Singapore ranked second most networked economy

WEF report also shows big role govt plays in Republic’s high ranking

Even before the full rollout of the ambitious Next Generation National Broadband Network (Next Gen NBN), Singapore has moved up two places to the second spot in the global Networked Readiness Index (NRI) ranking published by the World Economic Forum (WEF).

The NRI is part of the 2009-2010 Global Information Technology Report, a widely watched study that has been jointly published by the WEF and global business school Insead for the past nine years.

Sweden has emerged as the most networked country in the world in the current NRI rankings, overtaking Denmark which occupied the top spot last year. Sweden was a runner-up in the last three editions of the report.

This year, Denmark comes in at third place, behind Singapore. Denmark is followed by Switzerland in fourth place and the United States in fifth place.

The NRI examines how prepared countries are to use ICT (infocomm technologies) effectively in three dimensions: the general business, regulatory and infrastructure environment for ICT; the readiness of the three key stakeholder groups in a society – individuals, businesses and governments – to use and benefit from ICT; and the actual usage of the latest information and communication technologies available, according to Soumitra Dutta, who is Roland Berger Professor of Business and Technology at Insead and a co-editor of the report.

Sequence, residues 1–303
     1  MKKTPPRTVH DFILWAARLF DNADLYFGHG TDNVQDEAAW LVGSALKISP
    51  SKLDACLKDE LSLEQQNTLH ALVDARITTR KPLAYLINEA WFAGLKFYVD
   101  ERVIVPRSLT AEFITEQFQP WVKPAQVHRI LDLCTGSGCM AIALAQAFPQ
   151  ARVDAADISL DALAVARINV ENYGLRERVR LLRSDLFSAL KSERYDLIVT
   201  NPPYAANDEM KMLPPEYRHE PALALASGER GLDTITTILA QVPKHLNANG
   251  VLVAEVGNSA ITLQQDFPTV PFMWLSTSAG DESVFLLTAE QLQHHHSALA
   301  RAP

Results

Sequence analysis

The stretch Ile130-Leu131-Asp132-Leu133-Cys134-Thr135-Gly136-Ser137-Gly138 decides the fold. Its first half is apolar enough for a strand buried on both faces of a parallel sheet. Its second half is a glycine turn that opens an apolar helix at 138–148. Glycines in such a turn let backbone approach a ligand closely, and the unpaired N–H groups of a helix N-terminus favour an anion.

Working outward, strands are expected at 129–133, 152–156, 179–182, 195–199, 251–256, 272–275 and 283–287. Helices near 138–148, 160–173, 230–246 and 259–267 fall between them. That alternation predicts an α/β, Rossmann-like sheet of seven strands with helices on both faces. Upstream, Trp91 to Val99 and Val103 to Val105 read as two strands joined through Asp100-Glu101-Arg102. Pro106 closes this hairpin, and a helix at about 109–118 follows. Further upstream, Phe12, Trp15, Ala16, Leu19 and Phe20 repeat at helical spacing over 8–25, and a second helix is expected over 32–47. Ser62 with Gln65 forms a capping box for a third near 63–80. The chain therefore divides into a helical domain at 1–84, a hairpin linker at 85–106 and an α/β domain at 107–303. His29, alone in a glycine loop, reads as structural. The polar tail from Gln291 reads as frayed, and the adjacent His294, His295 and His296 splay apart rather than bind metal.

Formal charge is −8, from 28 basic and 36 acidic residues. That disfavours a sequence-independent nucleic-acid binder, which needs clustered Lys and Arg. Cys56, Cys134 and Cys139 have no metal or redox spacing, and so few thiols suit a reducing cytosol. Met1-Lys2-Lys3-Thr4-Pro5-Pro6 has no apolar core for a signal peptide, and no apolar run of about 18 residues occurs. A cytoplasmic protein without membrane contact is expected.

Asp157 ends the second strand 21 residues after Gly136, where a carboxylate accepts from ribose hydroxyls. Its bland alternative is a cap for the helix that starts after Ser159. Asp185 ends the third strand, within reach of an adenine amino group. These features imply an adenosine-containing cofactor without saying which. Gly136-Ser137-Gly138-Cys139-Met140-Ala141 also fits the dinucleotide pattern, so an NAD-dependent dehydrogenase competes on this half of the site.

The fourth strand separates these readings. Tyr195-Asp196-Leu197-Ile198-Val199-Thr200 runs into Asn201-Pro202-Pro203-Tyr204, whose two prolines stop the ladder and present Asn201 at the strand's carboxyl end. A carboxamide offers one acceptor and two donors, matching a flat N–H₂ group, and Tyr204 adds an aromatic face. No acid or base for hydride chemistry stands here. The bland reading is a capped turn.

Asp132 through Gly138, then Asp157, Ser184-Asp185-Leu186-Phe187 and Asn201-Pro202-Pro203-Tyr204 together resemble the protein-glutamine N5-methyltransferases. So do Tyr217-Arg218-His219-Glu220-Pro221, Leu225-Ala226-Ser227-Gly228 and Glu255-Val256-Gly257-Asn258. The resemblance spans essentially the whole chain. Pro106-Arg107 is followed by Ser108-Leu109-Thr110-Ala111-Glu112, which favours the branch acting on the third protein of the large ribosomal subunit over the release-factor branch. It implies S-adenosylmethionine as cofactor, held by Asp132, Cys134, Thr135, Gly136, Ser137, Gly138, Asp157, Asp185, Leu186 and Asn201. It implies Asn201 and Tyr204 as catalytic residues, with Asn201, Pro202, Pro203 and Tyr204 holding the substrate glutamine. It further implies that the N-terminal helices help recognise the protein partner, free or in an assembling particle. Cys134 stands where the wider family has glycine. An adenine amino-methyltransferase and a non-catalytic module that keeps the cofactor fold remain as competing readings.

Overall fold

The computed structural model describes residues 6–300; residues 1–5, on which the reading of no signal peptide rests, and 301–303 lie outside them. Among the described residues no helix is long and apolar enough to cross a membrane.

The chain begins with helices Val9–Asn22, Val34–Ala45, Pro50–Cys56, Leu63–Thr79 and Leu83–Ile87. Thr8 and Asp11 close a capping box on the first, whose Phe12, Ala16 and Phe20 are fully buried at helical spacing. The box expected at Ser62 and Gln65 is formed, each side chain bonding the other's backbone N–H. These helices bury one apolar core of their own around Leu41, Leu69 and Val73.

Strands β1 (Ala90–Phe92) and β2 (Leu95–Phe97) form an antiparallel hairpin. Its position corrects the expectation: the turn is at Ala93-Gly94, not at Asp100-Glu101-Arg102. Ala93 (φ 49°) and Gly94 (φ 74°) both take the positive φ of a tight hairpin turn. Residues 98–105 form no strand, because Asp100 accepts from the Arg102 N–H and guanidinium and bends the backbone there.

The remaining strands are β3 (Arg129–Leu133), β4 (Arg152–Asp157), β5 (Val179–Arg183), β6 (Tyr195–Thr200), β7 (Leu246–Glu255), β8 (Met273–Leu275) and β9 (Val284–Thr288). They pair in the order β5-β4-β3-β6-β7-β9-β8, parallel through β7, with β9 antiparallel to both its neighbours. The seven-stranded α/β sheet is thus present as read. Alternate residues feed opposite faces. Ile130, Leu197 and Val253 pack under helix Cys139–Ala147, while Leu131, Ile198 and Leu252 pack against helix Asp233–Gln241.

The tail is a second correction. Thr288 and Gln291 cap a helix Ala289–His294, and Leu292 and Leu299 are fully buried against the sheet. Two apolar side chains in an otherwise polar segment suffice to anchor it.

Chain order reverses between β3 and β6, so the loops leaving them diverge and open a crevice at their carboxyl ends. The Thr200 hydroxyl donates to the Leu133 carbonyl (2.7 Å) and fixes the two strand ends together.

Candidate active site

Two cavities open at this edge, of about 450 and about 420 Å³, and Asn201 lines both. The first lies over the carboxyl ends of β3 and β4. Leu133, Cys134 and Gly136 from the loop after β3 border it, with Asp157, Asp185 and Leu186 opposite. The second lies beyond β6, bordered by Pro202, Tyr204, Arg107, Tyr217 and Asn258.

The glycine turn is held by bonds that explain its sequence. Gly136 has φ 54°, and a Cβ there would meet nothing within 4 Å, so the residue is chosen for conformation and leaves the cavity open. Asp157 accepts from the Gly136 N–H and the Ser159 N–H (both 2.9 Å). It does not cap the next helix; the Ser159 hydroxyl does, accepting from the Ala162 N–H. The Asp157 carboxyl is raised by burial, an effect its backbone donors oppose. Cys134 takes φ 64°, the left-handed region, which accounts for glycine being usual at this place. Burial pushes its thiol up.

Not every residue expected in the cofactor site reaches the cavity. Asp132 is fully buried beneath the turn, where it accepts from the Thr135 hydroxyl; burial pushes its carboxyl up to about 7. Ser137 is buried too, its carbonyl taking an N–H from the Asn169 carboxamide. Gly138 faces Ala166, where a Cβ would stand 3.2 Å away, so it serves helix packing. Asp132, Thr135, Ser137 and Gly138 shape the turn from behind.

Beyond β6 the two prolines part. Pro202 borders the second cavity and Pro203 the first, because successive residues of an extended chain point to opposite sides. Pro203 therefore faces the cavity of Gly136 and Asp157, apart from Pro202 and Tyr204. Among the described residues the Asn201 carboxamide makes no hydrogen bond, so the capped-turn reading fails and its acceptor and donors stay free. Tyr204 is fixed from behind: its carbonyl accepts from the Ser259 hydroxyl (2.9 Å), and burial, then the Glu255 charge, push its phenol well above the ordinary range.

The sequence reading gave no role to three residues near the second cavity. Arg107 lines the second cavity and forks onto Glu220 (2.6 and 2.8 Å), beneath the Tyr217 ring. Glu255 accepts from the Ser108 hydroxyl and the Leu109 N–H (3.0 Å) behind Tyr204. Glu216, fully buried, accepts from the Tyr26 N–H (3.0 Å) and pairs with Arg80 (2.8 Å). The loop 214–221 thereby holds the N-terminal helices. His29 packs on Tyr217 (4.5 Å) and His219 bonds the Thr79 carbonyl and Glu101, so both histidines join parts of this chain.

The current NRI covers 133 economies from both the developed and developing world, accounting for more than 98 per cent of the world’s gross domestic product (GDP).

Singapore’s stock has been rising for the past three years. In 2008, it came in a disappointing fifth, while last year it was up one slot to fourth.

When the rankings first started in 2001-2002, Singapore was ranked eighth. In 2004-2005, it jumped to the top spot before slipping to fifth in 2008.

Irene Mia, senior economist of the Global Competitiveness Network at the WEF, and the other co-editor of the report, noted that Sweden, Singapore and Denmark’s superior capacity to use ICT for economic growth stems from the focus on education, innovation and ICT access.

The report also shows the role that the government plays in Singapore’s high ranking.

In the Readiness component of the NRI, Singapore has the world’s top ranking, driven by No 1 rankings in areas such as government’s prioritisation of ICT, government’s procurement of advanced technology products, and importance of ICT to the government’s vision of the future.

The Republic also takes top spots in quality of education system, and quality of math and science education.

Singapore also tops in the Political and Regulatory Environment component.

Some of the areas where it doesn’t do as well are, for example, the infrastructure environment (where it is ranked 21st) and also in broadband Internet subscription (24th).

However, the broadband result is based on 2008 data and, according to other measures and rankings, broadband penetration in Singapore has improved over the past year and it is expected to improve even further when the Next Gen NBN becomes fully functional.

Some of the other Asia Pacific economies that figure in the top 20 this year are: Hong Kong (eighth), Taiwan (11th), Korea (15th), Australia (16th) and New Zealand (19th).

The two largest Asian emerging markets – China and India – continue their progression in the NRI rankings, leapfrogging another nine and 11 places to 37th and 43rd respectively, Prof Dutta said.

Europe remains one of the most networked regions of the world with 12 economies ranked among the top 20 performers in this year’s rankings.

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